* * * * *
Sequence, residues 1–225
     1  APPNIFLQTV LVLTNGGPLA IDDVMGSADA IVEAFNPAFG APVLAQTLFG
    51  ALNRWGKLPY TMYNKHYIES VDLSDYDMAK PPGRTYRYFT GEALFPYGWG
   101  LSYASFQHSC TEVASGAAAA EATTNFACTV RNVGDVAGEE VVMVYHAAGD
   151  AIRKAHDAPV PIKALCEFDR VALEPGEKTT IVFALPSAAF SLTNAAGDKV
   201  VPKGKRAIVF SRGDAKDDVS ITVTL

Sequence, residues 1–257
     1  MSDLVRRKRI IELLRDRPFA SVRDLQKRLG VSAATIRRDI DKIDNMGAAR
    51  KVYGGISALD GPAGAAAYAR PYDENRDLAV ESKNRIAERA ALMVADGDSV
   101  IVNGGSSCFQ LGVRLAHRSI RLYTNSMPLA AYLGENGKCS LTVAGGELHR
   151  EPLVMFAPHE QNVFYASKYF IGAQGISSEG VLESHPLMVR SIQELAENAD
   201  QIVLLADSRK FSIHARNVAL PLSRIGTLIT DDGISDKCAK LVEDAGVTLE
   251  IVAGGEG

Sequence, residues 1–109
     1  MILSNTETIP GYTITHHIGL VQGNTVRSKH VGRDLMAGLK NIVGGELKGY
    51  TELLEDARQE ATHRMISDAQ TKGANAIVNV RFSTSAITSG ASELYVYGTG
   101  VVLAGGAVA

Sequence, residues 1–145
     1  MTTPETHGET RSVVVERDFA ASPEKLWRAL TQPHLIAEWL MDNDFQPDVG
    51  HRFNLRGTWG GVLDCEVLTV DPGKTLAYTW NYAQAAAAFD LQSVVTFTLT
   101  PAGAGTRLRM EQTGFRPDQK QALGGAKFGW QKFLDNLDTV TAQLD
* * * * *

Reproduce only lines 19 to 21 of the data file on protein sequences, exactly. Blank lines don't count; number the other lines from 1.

     1  MTTPETHGET RSVVVERDFA ASPEKLWRAL TQPHLIAEWL MDNDFQPDVG
    51  HRFNLRGTWG GVLDCEVLTV DPGKTLAYTW NYAQAAAAFD LQSVVTFTLT
   101  PAGAGTRLRM EQTGFRPDQK QALGGAKFGW QKFLDNLDTV TAQLD